An email told me the average driver’s reaction time is .75 seconds or 1 car length for every 10 mph then invited me to test my reaction speed by tranquilising sheep.
The best I could do was .170 seconds and an average of .2212 which makes me a bobbing bobcat – better than an ambling armadillo or sluggish snail but not as good as a rocketing rabbit or turbo-charged cheetah.
Warning – this could lead to a lot of time wasting.
Is there still a place for more competition in the NZ dairy industry with Fonterra being such a dominant force?
This article looks at 10 years of business by the number two dairy processor Open Country Dairy which has been characterised by fights with big brother to get a fair crack at the market, and challenges to be consistently profitable.
This fight to compete with Fonterra has affected nearly all the processing minows in NZ and many have had to acquire overseas capital and increased shareholder investment to stay afloat. . .
The Dairy Women’s Network has announced the names of the six women who will progress into the final round of judging for the 2013 Dairy Woman of the Year Award.
• Juliet MacLean, chief executive Synlait Farms Limited, Rakaia
• Justine Kidd, business manager BEL Group, Waipukurau
• Kath Taylor, dairy veterinarian and Mastitis consultant, VetSouth Limited, Winton
• Kathryn van den Beuken, farm owner/operator and key account manager AgITO, Rakaia
• Leonie Guiney, farm owner/operator, Fairlie
• Sarah Watson, farm supervisor Canterbury, MyFarm, West Melton. . . .
Federated Farmers is to consult its membership on proposed changes that could radically reshape the delivery of physical mail to over half a million New Zealanders in rural areas.
“NZ Post deserves praise for the way it has worked with Federated Farmers, Rural Woman NZ and the other rural stakeholders,” says Bruce Wills, Federated Farmers President.
“This will largely not come as a shock because we are living through a fundamental shift in technology. The decline in physical mail is offset by the rise of electronic mail.
“Commercially, NZ Post’s business model must either evolve or face extinction but I doubt many people can seriously argue the status quo is tenable. . .
Leading meat processor and exporter Alliance Group has welcomed the launch of an initiative designed to improve farmer profitability.
The Ministry for Primary Industries (MPI) has approved a commitment of up to $32.4 million, matched by industry, from MPI’s Primary Growth Partnership Fund (PGP) for the red meat sector’s new Collaboration for Sustainable Growth programme.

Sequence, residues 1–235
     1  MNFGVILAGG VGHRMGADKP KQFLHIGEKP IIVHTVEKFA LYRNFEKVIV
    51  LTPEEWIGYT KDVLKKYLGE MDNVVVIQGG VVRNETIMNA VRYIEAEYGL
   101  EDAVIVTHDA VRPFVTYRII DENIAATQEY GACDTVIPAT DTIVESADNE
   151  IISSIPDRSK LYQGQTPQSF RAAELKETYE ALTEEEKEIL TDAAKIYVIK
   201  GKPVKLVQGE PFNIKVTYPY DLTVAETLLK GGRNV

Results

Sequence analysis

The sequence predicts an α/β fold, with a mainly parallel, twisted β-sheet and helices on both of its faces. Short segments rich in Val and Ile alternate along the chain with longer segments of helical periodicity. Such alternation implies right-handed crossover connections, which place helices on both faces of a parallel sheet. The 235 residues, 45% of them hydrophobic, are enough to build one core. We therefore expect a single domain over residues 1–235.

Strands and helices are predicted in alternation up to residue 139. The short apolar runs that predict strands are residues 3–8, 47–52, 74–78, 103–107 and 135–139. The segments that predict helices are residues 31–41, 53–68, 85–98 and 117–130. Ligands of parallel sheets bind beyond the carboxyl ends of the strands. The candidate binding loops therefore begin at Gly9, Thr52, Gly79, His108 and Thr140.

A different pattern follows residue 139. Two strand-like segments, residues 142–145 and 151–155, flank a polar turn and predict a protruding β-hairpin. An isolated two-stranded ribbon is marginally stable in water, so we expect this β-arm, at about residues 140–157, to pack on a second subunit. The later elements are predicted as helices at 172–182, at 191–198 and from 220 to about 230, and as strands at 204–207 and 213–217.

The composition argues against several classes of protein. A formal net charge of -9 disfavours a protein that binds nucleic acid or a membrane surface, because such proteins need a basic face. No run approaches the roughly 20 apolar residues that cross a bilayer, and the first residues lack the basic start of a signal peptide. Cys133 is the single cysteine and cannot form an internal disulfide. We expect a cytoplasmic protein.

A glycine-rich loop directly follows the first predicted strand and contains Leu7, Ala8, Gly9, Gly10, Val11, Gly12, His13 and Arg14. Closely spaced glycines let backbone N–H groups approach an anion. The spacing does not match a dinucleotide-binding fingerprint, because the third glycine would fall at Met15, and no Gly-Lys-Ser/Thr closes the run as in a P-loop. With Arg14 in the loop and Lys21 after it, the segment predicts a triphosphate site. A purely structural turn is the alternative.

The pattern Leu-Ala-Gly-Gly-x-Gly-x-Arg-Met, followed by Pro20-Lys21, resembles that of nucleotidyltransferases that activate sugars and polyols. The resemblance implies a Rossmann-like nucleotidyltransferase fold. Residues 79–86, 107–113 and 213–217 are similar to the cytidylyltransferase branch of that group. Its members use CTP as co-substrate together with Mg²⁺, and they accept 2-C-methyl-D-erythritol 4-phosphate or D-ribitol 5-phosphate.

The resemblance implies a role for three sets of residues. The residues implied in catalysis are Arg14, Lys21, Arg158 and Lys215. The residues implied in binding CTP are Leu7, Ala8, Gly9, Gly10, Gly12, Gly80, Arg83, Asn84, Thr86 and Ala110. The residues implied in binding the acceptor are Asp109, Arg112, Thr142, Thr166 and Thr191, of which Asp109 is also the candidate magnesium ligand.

Grant Cuff, chief executive of Alliance Group Limited, one of the founding organisations taking part in the initiative, said . . .
Actually, The $58K From 20 Cows Is Not That Easy – Milking on the Moove:
In my last post, How To Make $58,788 Per Year With 20 Cows. I talked about how a simple dairy can be set up for quite a small investment of just over $100,000 and the milk can be sold direct to the customer.
I hoped the post would encourage people to think differently about dairy farming and the possibilities available.
It’s certainly a good illustration of how profitable a business can be if it can retain the whole retail price.
It’s not quite that simple.
It’s easy enough to buy a few cows and build a cheap dairy to process the milk. That’s easy. There are plenty of experts who can design or build the components for you. . .
The spokesperson for four hapu in Central Hawke’s Bay says it’s vital local Maori play a key role in a proposed $220 million water storage project.
The regional council’s Ruataniwha water storage scheme would see a dam built on the Makaroro River to store 90 million cubic metres of water which could irrigate 22,000 hectares of farmland. . .
We all need calcium for strong bones and teeth as part of a healthy lifestyle, but studies show that nearly 75 per cent of New Zealand women aren’t getting the recommended amount of dietary calcium in their day.
If eating sardines and tofu doesn’t tickle your fancy however, Anchor and Osteoporosis New Zealand have now made it easy to top up your daily dietary calcium with the launch of a calcium enriched spread.
Endorsed by Osteoporosis NZ, Anchor Dairy Blend Calci+ spread is the first calcium enriched spread that not only provides the goodness of New Zealand dairy and is spreadable straight from the fridge, but also offers 10 per cent of your recommended dietary intake (RDI) of calcium. . .
New Zealand is to run an agricultural training project in Chile.
The Chilean government has announced that New Zealand will be running the four-year initiative, aimed at revamping agricultural productivity in the South American country.
Chile says it hopes the programme will help improve the effectiveness of the agricultural subsidies it pays its farmers and attract more skilled workers to the sector. . .
Federated Farmers’ president Bruce Wills’ farm is one being used for a case study on climate adaptation.
Irrespective of personal views around the causes for climate change, all farmers know our climate is ever-changing impacting farm businesses. This makes the Ministry for Primary Industries (MPI) Impacts of Climate Change on Land based Sectors and Adaptation Options, an important contribution.
“All farmers know the climate changes and whether it is man-made, natural or a combination of the two, what really matters is building resilience into our farm businesses,” says Bruce Wills, Federated Farmers President, whose own farm is one of the MPI case studies.
“The climate changes and will continue to change because we live on a dynamic planet. If we had little or no climate change our environment would be closer to that of Mars and hostile to life as we know it.